United States Poet Laureate
Ada Limón
since 2022
AppointerLibrarian of the United States Congress
Term lengthOne year
Salary$60,000 annually

The Poet Laureate Consultant in Poetry to the Library of Congress, commonly referred to as the United States Poet Laureate, serves as the official poet of the United States. During their term, the poet laureate seeks to raise the national consciousness to a greater appreciation of the reading and writing of poetry. The position was modeled on the Poet Laureate of the United Kingdom. Begun in 1937, and formerly known as the Consultant in Poetry to the Library of Congress, the present title was devised and authorized by an Act of Congress in 1985. Appointed by the Librarian of Congress, the poet laureate's office is administered by the Center for the Book. For children's poets, the Poetry Foundation awards the Young People's Poet Laureate.[1]

The incumbent poet laureate (since 2022) is Ada Limón.[2]



The Poet Laureate Consultant in Poetry is appointed by the Librarian of Congress and usually serves a two-year term. In making the appointment, the Librarian consults with current and former poets laureate and other distinguished personalities in the field.

Currently, the poet laureate receives a $60,000 annual stipend, endowed by a gift from Archer M. Huntington.[1] On October 3, 1985, the U.S. Congress passed legislation authored by Senator Spark M. Matsunaga of Hawaii changing the title of the position to Poet Laureate Consultant in Poetry.[3] The Library minimizes assigned duties, to allow incumbents to pursue their own projects while at the Library. The poet laureate presents an annual lecture and reading of their poetry and usually introduces poets at the Library's poetry series, the oldest in the Washington area and among the oldest in the United States. This annual series of public poetry and fiction readings, lectures, symposia, and occasional dramatic performances began in the 1940s. Collectively, the poets laureate have brought more than 2,000 poets and authors to the Library to read for the Archive of Recorded Poetry and Literature.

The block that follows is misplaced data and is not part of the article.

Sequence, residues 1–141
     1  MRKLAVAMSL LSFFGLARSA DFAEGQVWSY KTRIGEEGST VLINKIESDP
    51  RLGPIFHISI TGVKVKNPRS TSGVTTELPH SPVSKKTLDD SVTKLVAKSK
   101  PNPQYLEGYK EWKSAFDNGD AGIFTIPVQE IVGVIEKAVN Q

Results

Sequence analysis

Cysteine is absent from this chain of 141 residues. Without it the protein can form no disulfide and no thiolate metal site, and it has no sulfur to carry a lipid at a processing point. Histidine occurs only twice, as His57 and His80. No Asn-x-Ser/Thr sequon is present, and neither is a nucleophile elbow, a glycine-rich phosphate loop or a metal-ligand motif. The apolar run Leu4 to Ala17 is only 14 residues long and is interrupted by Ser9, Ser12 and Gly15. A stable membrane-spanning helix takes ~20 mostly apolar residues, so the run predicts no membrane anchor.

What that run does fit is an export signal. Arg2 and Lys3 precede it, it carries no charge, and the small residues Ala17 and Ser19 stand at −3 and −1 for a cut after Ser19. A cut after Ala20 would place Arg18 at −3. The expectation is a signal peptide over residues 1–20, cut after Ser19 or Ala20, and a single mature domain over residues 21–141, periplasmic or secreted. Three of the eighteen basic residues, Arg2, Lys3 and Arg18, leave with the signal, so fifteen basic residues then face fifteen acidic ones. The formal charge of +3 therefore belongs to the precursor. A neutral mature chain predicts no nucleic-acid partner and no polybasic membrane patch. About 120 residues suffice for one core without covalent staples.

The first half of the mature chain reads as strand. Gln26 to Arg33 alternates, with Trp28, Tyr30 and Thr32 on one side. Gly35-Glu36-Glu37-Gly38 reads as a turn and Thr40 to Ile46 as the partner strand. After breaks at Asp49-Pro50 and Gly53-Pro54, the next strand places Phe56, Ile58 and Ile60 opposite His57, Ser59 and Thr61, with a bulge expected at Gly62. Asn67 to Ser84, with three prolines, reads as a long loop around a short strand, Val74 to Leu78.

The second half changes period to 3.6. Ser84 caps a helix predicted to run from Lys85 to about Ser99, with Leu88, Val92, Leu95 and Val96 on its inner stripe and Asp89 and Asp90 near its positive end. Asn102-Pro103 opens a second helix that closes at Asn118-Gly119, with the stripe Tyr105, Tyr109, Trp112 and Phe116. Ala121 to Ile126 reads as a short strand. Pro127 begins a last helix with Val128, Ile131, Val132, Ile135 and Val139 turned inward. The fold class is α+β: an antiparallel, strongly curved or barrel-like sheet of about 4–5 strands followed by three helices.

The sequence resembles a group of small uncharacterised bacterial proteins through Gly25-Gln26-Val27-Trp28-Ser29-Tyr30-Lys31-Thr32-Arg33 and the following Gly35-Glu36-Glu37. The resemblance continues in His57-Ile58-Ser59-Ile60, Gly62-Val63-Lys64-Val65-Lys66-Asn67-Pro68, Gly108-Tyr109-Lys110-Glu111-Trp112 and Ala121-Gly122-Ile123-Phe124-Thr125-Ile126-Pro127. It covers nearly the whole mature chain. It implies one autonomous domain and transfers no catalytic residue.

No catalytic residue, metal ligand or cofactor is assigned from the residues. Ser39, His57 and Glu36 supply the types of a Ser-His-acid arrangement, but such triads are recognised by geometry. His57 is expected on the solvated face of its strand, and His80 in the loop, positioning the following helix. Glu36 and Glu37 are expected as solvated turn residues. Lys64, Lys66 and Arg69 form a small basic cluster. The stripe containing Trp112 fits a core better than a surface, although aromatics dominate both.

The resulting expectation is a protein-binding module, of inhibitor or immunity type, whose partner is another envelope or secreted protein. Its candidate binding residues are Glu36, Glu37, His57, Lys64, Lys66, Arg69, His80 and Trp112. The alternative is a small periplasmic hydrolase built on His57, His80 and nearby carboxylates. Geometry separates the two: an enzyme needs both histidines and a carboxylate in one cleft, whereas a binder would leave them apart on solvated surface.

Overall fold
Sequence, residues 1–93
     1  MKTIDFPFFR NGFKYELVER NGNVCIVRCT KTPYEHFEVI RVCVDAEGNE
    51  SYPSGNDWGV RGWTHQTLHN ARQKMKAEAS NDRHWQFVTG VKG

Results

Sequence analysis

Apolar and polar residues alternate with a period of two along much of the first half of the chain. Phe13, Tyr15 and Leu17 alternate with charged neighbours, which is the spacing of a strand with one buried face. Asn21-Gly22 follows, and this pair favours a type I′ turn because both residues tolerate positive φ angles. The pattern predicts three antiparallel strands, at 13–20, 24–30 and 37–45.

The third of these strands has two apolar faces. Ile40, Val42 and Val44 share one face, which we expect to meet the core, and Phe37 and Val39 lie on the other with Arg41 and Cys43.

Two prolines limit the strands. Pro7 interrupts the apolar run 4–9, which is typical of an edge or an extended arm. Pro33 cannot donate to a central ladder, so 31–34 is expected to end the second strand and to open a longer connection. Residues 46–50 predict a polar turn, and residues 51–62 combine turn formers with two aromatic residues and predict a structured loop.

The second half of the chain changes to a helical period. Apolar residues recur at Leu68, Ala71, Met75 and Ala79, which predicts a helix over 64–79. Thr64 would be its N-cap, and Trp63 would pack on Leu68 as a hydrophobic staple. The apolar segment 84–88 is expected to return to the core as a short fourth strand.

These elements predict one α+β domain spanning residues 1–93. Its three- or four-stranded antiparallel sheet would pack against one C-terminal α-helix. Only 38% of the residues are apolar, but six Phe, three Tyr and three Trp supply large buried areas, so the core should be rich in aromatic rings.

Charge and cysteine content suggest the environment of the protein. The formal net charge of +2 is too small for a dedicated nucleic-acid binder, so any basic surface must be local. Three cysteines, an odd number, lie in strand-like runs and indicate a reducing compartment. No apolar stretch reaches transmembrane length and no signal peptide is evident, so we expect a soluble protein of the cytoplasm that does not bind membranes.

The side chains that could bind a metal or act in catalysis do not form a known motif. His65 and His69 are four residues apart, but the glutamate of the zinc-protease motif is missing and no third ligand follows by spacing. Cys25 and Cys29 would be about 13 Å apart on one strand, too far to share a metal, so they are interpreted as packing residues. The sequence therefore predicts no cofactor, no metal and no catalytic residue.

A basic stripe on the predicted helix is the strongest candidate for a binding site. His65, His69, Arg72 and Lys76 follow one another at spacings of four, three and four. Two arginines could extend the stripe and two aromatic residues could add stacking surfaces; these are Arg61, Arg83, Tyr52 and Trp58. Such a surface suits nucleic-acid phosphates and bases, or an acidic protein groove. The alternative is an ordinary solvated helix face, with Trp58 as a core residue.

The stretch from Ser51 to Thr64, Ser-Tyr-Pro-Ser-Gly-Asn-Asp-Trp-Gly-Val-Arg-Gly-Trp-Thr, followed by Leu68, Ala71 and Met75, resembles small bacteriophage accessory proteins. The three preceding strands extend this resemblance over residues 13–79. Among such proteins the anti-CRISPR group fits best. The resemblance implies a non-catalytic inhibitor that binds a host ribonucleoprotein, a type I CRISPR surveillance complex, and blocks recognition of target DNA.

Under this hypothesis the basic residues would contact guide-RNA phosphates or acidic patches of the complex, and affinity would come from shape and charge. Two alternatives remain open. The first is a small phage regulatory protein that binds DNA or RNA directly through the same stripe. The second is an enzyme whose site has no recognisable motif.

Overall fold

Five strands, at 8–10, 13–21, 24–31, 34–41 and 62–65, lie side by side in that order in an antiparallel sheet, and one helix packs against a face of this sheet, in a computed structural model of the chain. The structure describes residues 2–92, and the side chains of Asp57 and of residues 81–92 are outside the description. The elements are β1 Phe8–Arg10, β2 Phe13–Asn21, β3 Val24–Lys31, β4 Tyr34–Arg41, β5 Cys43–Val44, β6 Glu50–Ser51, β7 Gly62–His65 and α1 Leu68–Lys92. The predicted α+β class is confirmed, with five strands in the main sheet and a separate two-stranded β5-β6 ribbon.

Each consultant has brought a different emphasis to the position.[4] Maxine Kumin started a popular series of poetry workshops for women at the Library of Congress. Gwendolyn Brooks met with elementary school students to encourage them to write poetry. Joseph Brodsky initiated the idea of providing poetry in airports, supermarkets, and hotel rooms. Rita Dove, considered the first activist poet laureate, brought together writers to explore the African diaspora through the eyes of its artists, championed children's poetry and jazz with poetry events and read at the White House during Bill Clinton's first state dinner. Robert Hass organized a watershed conference that brought together popular novelists, poets, and storytellers to talk about writing, nature, and community, and co-founded the River of Words K–12 international children's poetry and art contest.[5] Robert Pinsky initiated the Favorite Poem Project. Billy Collins's "Poetry 180" project distributed a poem to all high schools for every day of the school year. These poems were also collected and published in two anthologies.

Lists of appointees


Each year links to its corresponding "[year] in poetry" article:

Consultants in Poetry


Poet Laureate Consultants in Poetry


Special Consultants in Poetry


19992000 (for Library of Congress' 200th Anniversary) Rita Dove, Louise Glück, and W. S. Merwin

See also



  1. ^ a b Paige Bentley-Flannery (May 26, 2017). "Young People's Poet Laureate". Association for Library Service to Children (ALSC). Retrieved October 30, 2018.
  2. ^ Library of Congress (July 12, 2022). "Librarian of Congress Names Ada Limon the Nation's 24th U.S. Poet Laureate". Retrieved July 12, 2022.
  3. ^ McGuire, William (1988). Poetry's Catbird Seat: The Consultantship in Poetry in the English language at the Library of Congress, 1937–1987 (Library of Congress, Washington, D. C.). ISBN 0-8444-0586-8.
  4. ^ Arnone, Chris M. (2020-05-20). "What Does a Poet Laureate Do?". BOOK RIOT. Retrieved 2024-02-01.
  5. ^ "River of Words". Saint Mary's College. Retrieved September 13, 2012.